There are times when a lawsuit is dismissed when the “suer” dies. Yet some “survival actions” can be taken even after the plaintiff’s death as long as the claim was filed before the victim died. These types of claims have nothing to do with wrongful death actions. Ask an Los Angeles workers compensation attorney about your options.
When an employer takes an adverse action against an employee for engaging in a protected activity, this constitutes retaliation. If the employee files a workers’ comp claim for injuries sustained at work, and he or she is fired as a result, this also constitutes a protected activity under some specific retaliation laws.
The basics of survival
If an employee dies after filing a workers’ comp claim, the surviving spouse or any other qualifying survivor can continue prosecuting the claim as long as the degree of disability was determined and the claim was filed prior to death.
Survival actions versus wrongful death
Survival actions have nothing to do with wrongful death actions. In fact, they are quite different. Death claims compensate the deceased’s family for the consequences of the death while survival actions are mostly based on the injuries the deceased had suffered, which are not related to the death.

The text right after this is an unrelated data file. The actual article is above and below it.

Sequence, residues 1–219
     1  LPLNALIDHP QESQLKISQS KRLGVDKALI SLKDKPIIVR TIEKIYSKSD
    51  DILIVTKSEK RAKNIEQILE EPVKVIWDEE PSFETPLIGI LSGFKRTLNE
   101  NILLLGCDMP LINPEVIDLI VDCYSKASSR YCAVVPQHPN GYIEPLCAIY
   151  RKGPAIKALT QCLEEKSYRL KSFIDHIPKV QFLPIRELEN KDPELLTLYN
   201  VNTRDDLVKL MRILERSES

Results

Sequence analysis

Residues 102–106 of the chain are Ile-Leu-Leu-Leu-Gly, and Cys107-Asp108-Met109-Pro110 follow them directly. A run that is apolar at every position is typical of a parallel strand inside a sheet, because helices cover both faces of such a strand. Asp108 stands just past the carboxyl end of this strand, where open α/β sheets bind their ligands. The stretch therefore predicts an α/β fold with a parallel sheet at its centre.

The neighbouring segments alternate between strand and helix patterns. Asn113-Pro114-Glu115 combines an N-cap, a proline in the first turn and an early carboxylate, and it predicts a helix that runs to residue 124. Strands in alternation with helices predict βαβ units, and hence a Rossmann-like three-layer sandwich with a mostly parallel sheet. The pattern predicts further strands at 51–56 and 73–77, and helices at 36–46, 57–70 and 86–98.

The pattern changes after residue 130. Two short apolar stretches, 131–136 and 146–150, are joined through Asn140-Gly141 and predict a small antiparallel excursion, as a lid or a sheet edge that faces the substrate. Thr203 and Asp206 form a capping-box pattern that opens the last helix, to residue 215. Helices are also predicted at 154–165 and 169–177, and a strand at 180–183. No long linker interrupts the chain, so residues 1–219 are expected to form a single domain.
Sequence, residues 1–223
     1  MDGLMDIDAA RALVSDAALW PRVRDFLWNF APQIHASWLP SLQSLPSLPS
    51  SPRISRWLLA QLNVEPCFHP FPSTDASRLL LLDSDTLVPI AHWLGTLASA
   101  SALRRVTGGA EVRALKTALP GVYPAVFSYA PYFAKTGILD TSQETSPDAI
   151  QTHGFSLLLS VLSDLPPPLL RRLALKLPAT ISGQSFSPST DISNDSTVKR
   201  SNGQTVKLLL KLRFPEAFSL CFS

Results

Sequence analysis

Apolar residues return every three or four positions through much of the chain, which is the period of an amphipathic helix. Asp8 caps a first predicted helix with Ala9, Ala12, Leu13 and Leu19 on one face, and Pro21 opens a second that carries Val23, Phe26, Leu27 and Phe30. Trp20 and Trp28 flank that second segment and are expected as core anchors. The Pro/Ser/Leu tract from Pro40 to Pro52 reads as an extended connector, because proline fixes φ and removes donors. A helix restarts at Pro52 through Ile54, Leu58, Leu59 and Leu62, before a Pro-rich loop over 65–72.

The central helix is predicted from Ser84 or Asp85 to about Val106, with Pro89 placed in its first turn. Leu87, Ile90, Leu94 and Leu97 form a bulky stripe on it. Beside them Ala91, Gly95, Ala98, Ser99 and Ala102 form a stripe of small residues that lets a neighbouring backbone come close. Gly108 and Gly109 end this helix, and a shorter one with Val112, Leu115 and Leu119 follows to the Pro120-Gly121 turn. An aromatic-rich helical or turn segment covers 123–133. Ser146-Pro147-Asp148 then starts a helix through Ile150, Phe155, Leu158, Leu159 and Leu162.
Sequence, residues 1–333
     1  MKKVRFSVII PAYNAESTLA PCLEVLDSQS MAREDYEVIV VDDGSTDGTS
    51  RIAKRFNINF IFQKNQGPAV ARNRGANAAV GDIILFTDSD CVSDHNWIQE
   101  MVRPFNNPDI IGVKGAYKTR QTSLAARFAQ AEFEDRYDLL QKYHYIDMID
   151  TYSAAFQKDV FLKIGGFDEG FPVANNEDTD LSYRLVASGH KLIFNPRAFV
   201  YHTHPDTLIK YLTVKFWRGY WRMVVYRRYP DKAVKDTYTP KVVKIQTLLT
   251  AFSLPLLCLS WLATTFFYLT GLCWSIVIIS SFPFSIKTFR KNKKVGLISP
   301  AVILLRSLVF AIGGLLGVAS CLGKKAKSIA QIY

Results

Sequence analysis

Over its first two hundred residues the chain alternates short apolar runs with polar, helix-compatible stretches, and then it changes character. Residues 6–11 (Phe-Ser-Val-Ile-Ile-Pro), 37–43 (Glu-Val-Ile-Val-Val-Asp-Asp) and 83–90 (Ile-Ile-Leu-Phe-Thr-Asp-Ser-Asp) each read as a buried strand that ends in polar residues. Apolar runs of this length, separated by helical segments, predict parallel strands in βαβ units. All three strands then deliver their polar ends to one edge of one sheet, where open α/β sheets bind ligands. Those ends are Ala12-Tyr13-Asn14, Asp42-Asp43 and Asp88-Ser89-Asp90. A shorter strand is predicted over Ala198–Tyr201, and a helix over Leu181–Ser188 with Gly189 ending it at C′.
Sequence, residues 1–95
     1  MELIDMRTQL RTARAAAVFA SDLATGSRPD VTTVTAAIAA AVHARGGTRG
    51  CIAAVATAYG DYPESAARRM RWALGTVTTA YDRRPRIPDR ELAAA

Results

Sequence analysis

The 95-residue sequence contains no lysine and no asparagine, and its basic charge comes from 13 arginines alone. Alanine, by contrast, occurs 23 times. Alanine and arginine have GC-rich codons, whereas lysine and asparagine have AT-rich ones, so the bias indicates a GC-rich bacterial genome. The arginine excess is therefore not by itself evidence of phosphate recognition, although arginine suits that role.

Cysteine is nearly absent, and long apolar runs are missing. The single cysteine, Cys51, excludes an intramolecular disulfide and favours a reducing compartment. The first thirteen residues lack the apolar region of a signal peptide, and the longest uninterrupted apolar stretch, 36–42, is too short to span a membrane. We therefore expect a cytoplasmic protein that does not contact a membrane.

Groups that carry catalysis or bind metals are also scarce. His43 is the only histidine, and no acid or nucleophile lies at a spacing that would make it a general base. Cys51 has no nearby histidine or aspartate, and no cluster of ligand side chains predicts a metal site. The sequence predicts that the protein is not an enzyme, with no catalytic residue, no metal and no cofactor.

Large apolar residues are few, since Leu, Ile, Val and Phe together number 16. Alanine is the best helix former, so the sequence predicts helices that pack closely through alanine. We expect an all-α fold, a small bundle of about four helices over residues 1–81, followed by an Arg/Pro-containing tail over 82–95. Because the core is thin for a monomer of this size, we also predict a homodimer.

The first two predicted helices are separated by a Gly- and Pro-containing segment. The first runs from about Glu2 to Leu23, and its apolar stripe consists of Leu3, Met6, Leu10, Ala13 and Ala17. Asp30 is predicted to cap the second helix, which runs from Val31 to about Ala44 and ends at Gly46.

Damages awarded in each category are also different. Under survival actions, damages related to the victim’s pain and suffering as well as economic losses are awarded. Under death claims, the damages are more punitive as they compensate for the financial burdens caused to the deceased’s family. Also, damages from survival actions is awarded and distributed among qualifying family members under state laws related to wills and inheritances. In death claims, damages are awarded to qualifying family members who started the lawsuit.
Workers’ comp generally pays a portion of the burial expenses. However, the compensation amount is limited. Medical bills are also covered, as long as they are related to treatment and medical care your loved one received for a work-related injured. These bills are generally reviewed by the employer to make sure they are related to treatment for injuries sustained at work. Workers’ comp benefits should be available after a loved one’s death. However, if the claimant remarries, he or she may not continue to receive them.
Not all employers are covered by workers’ comp. If you are a survivor that wishes to claim these benefits and the deceased was not covered by workers’ comp, you will not qualify to receive them. However, in cases involving a party responsible for the death of your loved one, the survivor can file a personal injury claim.
Consulting an attorney
It’s important you discuss your claim with an experienced Los Angeles workers’ compensation attorney. If you have any questions about your specific situation, call us today and schedule your initial case evaluation.